But I did stop my quest for dinner long enough to stand in front of the TV and laugh.

How could someone possibly link such an insignificant gain in use of fuel in America to the weight of the drivers? After all, $1 billion dollars is penny anty.

Logic? Were they using logic? Was their logic based on the notion that vehicles carrying heavier loads use more gas? Had to be. If so, it does make sense that the skinnier the driver, the better gas mileage their car will get. I figure they can't have facts to back this up because no “study” could possibly factor in every variable that would determine what fuel usage per vehicle contents and extrapolate fuel cost to anything reliable.

It had to be a fat-phobic skinny person’s logic that came to the conclusion that prompted this news blurb/story. It couldn’t have been a person that actually thinks things through without blinders would come to that conclusion.

Scenario #1, if you will.

Ten years ago today, a 120-pound woman bought herself a new vehicle that has 312 miles on the engine. Over the last ten years her own fuel consumption has exceeded her fuel burning capacity and that same woman now weighs 170 pounds. As she watched the news tonight she realized that little-by-little her car has gotten worse gas mileage.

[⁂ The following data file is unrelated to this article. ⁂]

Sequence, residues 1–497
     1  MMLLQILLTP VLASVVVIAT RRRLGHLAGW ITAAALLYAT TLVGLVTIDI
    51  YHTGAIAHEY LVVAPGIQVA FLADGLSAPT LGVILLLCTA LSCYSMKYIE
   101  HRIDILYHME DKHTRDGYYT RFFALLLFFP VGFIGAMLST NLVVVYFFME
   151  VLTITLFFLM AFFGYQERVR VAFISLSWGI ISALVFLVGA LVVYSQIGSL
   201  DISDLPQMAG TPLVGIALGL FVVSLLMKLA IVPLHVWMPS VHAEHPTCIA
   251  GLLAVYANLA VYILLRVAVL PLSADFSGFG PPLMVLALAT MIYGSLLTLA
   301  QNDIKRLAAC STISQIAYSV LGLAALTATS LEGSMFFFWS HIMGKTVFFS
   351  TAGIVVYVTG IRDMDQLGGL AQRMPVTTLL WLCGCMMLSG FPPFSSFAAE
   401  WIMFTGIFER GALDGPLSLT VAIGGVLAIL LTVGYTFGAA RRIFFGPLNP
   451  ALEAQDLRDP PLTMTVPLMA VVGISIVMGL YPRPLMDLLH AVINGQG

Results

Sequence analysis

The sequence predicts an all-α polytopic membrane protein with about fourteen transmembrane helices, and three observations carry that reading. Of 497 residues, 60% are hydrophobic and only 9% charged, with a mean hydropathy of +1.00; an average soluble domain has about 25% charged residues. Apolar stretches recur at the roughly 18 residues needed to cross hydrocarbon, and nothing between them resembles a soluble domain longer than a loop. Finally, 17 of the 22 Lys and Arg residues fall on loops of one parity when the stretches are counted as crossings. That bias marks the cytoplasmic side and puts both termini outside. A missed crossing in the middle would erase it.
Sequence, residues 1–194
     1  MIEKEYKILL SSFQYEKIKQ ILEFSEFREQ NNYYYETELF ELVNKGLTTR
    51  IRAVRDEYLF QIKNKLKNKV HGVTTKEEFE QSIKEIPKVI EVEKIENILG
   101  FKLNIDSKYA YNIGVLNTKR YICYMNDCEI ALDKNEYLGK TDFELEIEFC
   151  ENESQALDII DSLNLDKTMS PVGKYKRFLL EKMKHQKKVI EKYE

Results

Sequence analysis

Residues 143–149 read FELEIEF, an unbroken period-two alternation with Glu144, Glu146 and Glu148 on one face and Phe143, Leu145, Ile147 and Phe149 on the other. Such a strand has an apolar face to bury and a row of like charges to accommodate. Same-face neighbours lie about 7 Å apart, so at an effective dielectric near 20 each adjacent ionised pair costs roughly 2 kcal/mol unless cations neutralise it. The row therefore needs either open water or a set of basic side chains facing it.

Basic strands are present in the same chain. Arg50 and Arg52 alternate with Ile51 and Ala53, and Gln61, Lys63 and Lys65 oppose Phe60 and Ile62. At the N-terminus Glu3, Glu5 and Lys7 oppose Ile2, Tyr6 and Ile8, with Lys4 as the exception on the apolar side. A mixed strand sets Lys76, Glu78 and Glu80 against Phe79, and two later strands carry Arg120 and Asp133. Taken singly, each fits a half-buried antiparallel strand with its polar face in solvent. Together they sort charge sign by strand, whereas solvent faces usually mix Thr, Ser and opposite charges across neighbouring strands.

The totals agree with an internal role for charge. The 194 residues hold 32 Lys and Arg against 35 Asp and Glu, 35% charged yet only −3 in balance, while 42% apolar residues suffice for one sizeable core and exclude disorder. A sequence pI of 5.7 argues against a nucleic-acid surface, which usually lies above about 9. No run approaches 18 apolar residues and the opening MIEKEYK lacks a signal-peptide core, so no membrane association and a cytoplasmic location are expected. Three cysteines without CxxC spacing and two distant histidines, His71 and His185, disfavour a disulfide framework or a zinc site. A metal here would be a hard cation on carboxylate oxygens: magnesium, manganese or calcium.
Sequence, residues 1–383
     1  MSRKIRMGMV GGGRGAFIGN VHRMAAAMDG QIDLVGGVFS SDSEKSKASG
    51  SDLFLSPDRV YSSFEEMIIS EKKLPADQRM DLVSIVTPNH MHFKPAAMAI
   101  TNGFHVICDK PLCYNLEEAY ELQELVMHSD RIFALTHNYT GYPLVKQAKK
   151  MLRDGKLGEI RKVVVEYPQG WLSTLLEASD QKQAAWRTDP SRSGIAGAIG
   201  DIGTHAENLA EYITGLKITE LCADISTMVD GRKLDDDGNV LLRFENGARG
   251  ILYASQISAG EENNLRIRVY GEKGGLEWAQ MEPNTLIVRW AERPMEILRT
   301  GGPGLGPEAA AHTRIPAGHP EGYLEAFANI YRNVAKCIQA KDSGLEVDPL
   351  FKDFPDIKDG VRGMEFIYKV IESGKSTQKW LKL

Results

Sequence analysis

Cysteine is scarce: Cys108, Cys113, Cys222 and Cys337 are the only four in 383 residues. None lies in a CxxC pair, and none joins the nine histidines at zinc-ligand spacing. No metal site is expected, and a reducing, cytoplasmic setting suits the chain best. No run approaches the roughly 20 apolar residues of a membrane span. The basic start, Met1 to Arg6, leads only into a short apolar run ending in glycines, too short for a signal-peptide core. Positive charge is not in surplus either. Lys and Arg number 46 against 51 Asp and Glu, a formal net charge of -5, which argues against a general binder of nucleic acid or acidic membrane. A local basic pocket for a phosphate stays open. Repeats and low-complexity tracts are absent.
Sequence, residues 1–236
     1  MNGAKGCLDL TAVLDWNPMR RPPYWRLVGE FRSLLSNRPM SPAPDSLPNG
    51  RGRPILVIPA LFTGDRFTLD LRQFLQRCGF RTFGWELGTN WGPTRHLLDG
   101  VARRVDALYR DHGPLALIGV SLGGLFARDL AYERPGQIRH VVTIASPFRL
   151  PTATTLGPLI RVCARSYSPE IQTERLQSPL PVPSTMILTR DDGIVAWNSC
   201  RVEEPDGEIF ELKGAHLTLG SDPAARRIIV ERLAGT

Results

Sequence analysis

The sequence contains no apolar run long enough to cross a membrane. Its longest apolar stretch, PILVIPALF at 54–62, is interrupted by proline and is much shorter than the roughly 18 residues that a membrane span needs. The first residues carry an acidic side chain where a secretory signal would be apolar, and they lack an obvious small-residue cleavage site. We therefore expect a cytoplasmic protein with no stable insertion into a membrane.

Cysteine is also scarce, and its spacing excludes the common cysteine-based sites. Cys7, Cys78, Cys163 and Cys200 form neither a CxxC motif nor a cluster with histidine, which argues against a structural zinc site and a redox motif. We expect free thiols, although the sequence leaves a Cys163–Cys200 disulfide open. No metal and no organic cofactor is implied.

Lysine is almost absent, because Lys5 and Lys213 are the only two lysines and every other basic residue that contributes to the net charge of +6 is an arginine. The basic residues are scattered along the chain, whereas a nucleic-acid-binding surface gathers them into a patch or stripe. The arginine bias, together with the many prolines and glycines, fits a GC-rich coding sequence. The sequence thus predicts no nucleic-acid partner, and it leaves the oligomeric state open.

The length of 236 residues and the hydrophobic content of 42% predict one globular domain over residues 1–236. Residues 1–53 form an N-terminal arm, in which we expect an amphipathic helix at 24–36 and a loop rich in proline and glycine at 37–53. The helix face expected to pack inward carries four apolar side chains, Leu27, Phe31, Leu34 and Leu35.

Oh wow! Must be because she’s fatter! After all, it couldn’t possibly be her 1996 model that with 114,578 miles on the engine that is the problem.

My ability to think logically can further refute this “study”.

Scenario #2, if you will.

Last Wednesday I went to work with that fat American woman in scenario #1 in my truck. When my truck’s gas tank is filled to the brim, it weighs about 170 pounds. And, to top that off, last Wednesday I went to work with a cup of coffee too, which probably weighed about one pound.

Anyway, I left the house with a full tank of gas, and 171 of cargo. When I got to work and I still had a full tank of gas. The needle hadn’t moved at all. The drive home I was minus the coffee, so the cargo was 170 pounds. Sure enough, I drove up into the driveway and the needle was still past the F-mark. No fuel burned, all day long. I didn’t use a drop of gas!